39/48 Choushinsei Flashman (1986-1987)
Choushinsei Flashman was the tenth official Super Sentai series. While other shows sometimes showcased characters descended from aliens, this series’ heroes were human beings who didn’t grow up on Earth under different circumstances. This gave them superior knowledge to become rangers. Choushinsei Flashman aired in different countries. Choushinsei Flashman was dubbed in Spanish and Portuguese for Ecuador, Bolivia, Peru, and Brazil, but it still didn’t reach the U.S.
38/48 Hikari Sentai Maskman (1987-1988)
Hikari Sentai Maskman, the 11th Super Sentai series, centered on a group of heroes, each of which was an expert in a different martial art. Each had their own mecha, which could combine with the others to create an even bigger robot. This became a common trope in the following series. Hikari Sentai Maskman proved popular both in Japan and abroad and found success in Korea, Brazil, the Philippines, and France. The series lasted 51 episodes.
37/48 Choujuu Sentai Liveman (1988-1989)
The first Super Sentai to include a blue female ranger, Choujuu Sentai Liveman was the last series produced during Japan’s Showa period, which officially ended in 1989. Choujuu Sentai Livemanwas also the first to use animal-themed mechas. The team was formed by Red Falcon, Yellow Lion, Blue Dolphin, Black Bison, and Green Rhino. The Green Rhino ranger was eventually impregnated by one of the villains, which led her to consider an abortion. For such a lighthearted show, this was quite a controversial moment.
36/48 Kousoku Sentai Turboranger (1989-1990)
20,000 years after the Fairies helped humans against the Bouma Tribe, these villains manage to escape to destroy the world. To avoid this, Dr. Dazai and Seelon, the last fairy alive, form a team of five heroes to become the Turborangers.
The first series of the Heisei era, Kousoku Sentai Turboranger proved slightly less successful than its predecessor, due perhaps in part to featuring rangers powered by fairy magic. By this point, every ranger was a high schooler, suggesting the franchise was starting to lean toward a younger demographic.
35/48 Chikyu Sentai Fiveman (1990-1991)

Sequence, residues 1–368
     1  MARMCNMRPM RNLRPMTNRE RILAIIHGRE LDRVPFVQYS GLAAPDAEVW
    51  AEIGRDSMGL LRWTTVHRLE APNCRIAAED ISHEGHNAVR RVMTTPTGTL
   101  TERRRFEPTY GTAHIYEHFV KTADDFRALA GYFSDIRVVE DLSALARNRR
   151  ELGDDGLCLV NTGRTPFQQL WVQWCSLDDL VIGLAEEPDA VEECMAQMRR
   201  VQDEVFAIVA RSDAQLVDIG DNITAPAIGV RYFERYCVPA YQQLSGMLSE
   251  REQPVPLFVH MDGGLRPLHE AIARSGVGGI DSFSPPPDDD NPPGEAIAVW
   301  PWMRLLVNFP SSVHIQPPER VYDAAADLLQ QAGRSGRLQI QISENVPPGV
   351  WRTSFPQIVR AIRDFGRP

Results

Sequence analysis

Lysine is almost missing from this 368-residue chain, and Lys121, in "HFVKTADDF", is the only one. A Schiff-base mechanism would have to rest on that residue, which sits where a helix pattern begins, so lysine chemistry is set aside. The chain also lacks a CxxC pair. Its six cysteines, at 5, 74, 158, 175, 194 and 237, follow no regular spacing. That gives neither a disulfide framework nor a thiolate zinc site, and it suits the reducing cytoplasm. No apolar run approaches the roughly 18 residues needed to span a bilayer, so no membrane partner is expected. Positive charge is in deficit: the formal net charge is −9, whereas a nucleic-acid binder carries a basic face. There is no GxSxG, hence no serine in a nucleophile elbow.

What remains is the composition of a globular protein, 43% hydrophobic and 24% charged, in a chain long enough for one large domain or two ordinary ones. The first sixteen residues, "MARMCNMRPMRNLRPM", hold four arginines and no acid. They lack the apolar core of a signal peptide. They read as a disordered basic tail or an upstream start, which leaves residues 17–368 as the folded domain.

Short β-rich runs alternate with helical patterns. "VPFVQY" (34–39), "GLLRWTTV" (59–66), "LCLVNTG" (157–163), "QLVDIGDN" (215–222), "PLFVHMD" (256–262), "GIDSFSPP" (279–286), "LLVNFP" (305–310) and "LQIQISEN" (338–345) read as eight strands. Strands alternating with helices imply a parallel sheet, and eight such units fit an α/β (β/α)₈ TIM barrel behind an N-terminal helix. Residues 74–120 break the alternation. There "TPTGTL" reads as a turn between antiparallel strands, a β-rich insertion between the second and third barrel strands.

Chikyu Sentai Fiveman focuses on the Hoshikawa siblings, five high-school teachers at the Newtown Elementary School. The siblings also fought together against the Galactic Imperial Army Zone led by Empress Meadow and Captain Garoa, in order to avoid these villains from conquering the world.
Originally, this was supposed to be the penultimate Super Sentai series. In fact, Chikyu Sentai Fiveman fared poorly in both ratings and toy sales. However, Toei chose to continue the franchise after revamping it for Power Rangers.
34/48 Choujin Sentai Jetman (1991-1992)
Inspired by Gatchaman, Choujin Sentai Jetman marked the end of an era. It was the last Super Sentai series to grace screens before the franchise was reborn abroad as Power Rangers. Given this, it was the last series not to get a Power Rangers counterpart. Choujin Sentai Jetman was considered too dark to adapt, in part because one of the core rangers died. A ranger death hasn’t happened in a Super Sentai show since.
33/48 Kyoryu Sentai Zyuranger (Mighty Morphin Power Rangers Season 1) (1992-1993)
Kyōryū Sentai Zyuranger was the first property whose footage was used to create a Mighty Morphin Power Rangers series abroad. Contrary to Mighty Morphin Power Rangers, Kyōryū Sentai Zyuranger followed a group of humans who evolved from dinosaurs, not a group of teenagers.
Beyond this, Kyōryū Sentai Zyuranger was remarkable in many ways. The series featured a prehistoric animal motif, a villainess that hasn’t been forgotten, and fantasy rather than science-fiction elements. No wonder it was the first become an international success.
32/48 Gosei Sentai Dairanger (Mighty Morphin Power Rangers Season 2) (1993-1994)
Gosei Sentai Dairanger, which focused on Qi powers Dai warriors from Chinese culture, wasn’t adapted even if some footage was used. Gosei Sentai Dairanger proved a bumpy ride when it came to adapting material for Power Rangers. The Dairangers themselves weren’t part of the Mighty Morphin Power Rangers adaptation, but the monsters they battled sometimes were. Because of this, any adapted fight scenes had to be cropped to exclude the unfamiliar ranger suits, and the result often felt makeshift.
31/48 Ninja Sentai Kakuranger (Mighty Morphin Power Rangers Season 3) (1994-1995)
Ninja Sentai Kakuranger brought the franchise back to more traditional Japanese themes, with a story about ninja rangers fighting yokai. This move was intentional, as the series prior, Dairanger, featured traditional Chinese themes. For the Power Rangers franchise, the suits were used for Mighty Morphin Alien Rangers.
30/48 Chouriki Sentai Ohranger (Power Rangers Zeo) (1995-1996)
Chouriki Sentai Ohranger, like Dai Sentai Goggle-V, showcased a storyline inspired by ancient civilizations. Each ranger of this team was a pilot of the United Airforce with special abilities thanks to the Chouriki, a type of energy dating back to Pangaea.
Its Power Rangers counterpart, Power Rangers Zeo, had little in common with the plot of Ohranger and instead served as an offshoot sequel to Mighty Morphin Power Rangers.
29/48 Gekisou Sentai Carranger (Power Rangers Turbo) (1996-1997)
The only Super Sentai show to serve as a parody of other Super Sentai series, Gekisou Sentai Carranger was once believed to have saved Super Sentai from cancellation. Since then, this has been refuted as Carranger didn’t sell as much merchandise as its predecessor. On the other hand, many fans believe Power Rangers Turbo is one of the best generations ever.